History of the Sen̓áḵw lands

Long before the arrival of European settlers in the Vancouver area in 1791, Squamish ancestors had a village at Senákw. Every year, families from upper Squamish villages would travel down to Senákw, where the lands and waters were ideal for fishing, hunting, and harvesting traditional resources. There was an abundance of elk, beaver, deer, salmon, duck, cedar, and more. The people built longhouses and brought neighbouring tribes together for potlatches. Senákw was an important hub for trade, commerce, social relationships, and cultural practices.

As the area around Senákw began to develop, portions of the reserve lands were expropriated, including over 3.5 acres for railways in 1886, and another 7 acres for railways in 1901. There was a great deal of industrial expansion in False Creek in the years that followed, with mounting pressure for the residents of Senákw to vacate their land. Then, in 1913, the Government of British Columbia forced the illegal surrender of the lands. Families at Senákw, along with all their personal belongings, were loaded up on a barge and towed across the inlet to other Squamish reserves. All residents were removed from their land and homes, with nobody permitted to remain at Senákw.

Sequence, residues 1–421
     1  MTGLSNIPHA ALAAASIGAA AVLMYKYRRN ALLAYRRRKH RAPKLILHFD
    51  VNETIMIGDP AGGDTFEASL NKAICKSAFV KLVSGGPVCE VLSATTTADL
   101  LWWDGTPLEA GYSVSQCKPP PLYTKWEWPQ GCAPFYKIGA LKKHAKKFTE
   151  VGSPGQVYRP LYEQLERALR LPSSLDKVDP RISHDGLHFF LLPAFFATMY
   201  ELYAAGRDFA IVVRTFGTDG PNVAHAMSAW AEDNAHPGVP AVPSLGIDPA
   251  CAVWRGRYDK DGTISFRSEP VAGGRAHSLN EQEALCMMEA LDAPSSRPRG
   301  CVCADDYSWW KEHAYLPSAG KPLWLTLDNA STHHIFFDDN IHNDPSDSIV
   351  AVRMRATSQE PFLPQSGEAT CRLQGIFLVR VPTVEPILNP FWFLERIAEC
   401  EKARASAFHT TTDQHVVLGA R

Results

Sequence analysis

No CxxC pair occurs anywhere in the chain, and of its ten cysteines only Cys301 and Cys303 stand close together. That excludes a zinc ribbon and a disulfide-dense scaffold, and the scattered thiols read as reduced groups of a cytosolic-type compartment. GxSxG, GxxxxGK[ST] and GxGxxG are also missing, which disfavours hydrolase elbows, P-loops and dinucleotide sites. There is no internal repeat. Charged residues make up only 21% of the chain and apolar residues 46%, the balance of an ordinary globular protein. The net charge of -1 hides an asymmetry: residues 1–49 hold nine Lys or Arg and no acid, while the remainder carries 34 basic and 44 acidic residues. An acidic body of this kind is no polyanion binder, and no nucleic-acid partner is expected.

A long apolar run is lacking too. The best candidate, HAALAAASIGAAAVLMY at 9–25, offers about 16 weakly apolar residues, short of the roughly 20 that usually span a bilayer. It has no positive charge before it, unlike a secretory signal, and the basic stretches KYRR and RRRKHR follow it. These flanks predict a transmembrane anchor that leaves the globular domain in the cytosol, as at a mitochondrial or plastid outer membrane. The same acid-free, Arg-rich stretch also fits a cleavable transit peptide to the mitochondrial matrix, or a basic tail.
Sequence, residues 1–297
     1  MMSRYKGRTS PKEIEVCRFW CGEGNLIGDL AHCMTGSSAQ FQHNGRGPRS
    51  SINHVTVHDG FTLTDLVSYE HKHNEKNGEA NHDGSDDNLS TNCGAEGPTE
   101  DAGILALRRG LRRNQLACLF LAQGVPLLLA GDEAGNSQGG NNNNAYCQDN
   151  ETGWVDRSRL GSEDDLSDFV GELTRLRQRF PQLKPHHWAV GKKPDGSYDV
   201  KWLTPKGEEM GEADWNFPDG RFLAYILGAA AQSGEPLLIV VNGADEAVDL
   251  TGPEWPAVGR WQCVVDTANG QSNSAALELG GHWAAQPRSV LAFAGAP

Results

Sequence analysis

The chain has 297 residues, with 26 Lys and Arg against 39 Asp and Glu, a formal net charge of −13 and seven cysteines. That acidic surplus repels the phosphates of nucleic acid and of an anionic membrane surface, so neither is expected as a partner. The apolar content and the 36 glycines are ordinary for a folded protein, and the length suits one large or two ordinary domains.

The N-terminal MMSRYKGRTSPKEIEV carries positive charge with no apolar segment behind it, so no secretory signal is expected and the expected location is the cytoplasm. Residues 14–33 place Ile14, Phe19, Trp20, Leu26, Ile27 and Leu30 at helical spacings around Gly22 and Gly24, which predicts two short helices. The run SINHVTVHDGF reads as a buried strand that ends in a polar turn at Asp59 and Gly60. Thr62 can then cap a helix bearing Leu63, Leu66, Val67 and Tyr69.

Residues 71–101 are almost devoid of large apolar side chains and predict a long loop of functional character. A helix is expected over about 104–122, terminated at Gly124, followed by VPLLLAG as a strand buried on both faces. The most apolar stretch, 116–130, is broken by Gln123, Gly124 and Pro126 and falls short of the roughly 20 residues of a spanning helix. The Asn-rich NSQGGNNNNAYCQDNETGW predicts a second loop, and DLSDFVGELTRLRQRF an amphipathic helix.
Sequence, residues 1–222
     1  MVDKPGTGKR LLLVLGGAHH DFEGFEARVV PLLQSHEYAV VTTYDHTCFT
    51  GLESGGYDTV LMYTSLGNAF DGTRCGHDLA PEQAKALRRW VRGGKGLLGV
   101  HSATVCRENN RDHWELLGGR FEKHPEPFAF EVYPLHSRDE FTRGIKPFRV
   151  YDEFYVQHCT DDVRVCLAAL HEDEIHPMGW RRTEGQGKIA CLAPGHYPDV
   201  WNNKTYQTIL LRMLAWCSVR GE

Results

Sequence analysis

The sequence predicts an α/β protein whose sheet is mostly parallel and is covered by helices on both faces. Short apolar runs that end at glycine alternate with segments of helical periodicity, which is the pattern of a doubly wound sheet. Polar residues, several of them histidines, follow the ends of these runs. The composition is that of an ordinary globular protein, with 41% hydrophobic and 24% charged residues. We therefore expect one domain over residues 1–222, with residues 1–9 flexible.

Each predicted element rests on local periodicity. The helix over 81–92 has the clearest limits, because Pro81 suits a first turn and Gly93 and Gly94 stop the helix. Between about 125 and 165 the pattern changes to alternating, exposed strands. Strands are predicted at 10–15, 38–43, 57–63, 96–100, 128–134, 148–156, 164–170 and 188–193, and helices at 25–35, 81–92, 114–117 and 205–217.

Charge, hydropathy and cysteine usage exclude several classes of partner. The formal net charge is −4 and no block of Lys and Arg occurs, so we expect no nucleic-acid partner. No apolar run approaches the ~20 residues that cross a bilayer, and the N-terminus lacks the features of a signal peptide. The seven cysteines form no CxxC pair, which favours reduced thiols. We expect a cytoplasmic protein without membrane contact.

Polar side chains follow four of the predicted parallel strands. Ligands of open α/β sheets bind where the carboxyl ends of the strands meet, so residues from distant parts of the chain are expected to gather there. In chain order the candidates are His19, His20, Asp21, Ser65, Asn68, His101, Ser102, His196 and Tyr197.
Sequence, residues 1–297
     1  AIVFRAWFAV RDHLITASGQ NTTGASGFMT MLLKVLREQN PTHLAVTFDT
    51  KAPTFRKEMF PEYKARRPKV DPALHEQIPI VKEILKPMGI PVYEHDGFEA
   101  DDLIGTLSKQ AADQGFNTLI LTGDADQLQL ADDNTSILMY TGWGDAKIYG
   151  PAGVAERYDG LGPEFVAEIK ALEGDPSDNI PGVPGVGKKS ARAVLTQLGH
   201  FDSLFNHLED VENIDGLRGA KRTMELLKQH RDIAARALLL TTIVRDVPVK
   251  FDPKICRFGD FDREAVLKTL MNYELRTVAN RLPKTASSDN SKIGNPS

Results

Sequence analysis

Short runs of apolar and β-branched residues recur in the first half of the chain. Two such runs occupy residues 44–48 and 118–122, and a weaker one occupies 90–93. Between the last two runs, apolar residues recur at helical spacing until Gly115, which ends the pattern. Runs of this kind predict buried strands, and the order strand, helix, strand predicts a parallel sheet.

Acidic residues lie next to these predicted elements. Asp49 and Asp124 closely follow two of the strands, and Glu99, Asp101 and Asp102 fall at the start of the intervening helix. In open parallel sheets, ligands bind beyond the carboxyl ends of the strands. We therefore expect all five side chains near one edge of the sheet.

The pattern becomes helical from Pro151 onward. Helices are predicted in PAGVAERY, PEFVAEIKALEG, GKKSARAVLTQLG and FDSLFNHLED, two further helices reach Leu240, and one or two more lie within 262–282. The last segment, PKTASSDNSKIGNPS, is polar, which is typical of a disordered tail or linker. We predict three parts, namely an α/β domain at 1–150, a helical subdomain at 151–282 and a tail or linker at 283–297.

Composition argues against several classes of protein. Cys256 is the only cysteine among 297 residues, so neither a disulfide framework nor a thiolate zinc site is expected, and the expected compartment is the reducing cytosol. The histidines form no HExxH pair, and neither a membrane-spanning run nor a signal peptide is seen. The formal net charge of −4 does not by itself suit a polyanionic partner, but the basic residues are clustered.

Membership recognized many years ago that sacrifice and investment would be required to pursue a claim to Senákw through the courts, and provided the Council of the day with the mandate to do the work necessary to have Senákw returned to the Squamish Nation. Work started in the late 1960s and continued through the 1970s to prepare to launch a court case to pursue the reclamation of Kitsilano I.R. #6. In 1977, Chiefs and Council launched the Omnibus Trust Action against the Government of Canada. Over many years, the Squamish people, Council, and leaders including the late Chief Joe Mathias and the late Andy Paull dedicated their lives to reaching a settlement to these claims. Following decades in the courts, which also heard counter claims by the Musqueam and Tsleil-Waututh First Nations to interests in the reserve, in 2003 the Federal Court of Canada finally returned to the Squamish Nation control over a misshapen portion of the earlier, larger reserve. Of the original 80 acres, just 10.48 acres exist today as reserve land.

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